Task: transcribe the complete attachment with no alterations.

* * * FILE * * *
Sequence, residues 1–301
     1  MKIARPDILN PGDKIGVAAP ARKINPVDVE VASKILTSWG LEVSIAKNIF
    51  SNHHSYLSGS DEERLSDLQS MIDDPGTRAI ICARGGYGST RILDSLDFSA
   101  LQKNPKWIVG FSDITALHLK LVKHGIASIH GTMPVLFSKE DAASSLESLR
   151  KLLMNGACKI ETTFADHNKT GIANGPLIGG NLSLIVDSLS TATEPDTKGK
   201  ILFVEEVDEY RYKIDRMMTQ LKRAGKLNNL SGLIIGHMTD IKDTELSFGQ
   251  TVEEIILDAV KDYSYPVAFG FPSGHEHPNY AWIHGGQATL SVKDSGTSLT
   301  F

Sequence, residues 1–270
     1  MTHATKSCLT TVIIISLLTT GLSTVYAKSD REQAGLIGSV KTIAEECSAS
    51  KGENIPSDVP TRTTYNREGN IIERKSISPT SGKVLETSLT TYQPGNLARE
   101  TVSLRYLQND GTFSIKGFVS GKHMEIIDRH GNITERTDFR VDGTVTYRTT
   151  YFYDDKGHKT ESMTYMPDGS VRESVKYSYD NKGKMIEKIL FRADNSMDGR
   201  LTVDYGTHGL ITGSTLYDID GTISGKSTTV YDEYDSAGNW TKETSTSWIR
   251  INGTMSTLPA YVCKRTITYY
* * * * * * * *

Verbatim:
Sequence, residues 1–301
     1  MKIARPDILN PGDKIGVAAP ARKINPVDVE VASKILTSWG LEVSIAKNIF
    51  SNHHSYLSGS DEERLSDLQS MIDDPGTRAI ICARGGYGST RILDSLDFSA
   101  LQKNPKWIVG FSDITALHLK LVKHGIASIH GTMPVLFSKE DAASSLESLR
   151  KLLMNGACKI ETTFADHNKT GIANGPLIGG NLSLIVDSLS TATEPDTKGK
   201  ILFVEEVDEY RYKIDRMMTQ LKRAGKLNNL SGLIIGHMTD IKDTELSFGQ
   251  TVEEIILDAV KDYSYPVAFG FPSGHEHPNY AWIHGGQATL SVKDSGTSLT
   301  F

Sequence, residues 1–270
     1  MTHATKSCLT TVIIISLLTT GLSTVYAKSD REQAGLIGSV KTIAEECSAS
    51  KGENIPSDVP TRTTYNREGN IIERKSISPT SGKVLETSLT TYQPGNLARE
   101  TVSLRYLQND GTFSIKGFVS GKHMEIIDRH GNITERTDFR VDGTVTYRTT
   151  YFYDDKGHKT ESMTYMPDGS VRESVKYSYD NKGKMIEKIL FRADNSMDGR
   201  LTVDYGTHGL ITGSTLYDID GTISGKSTTV YDEYDSAGNW TKETSTSWIR
   251  INGTMSTLPA YVCKRTITYY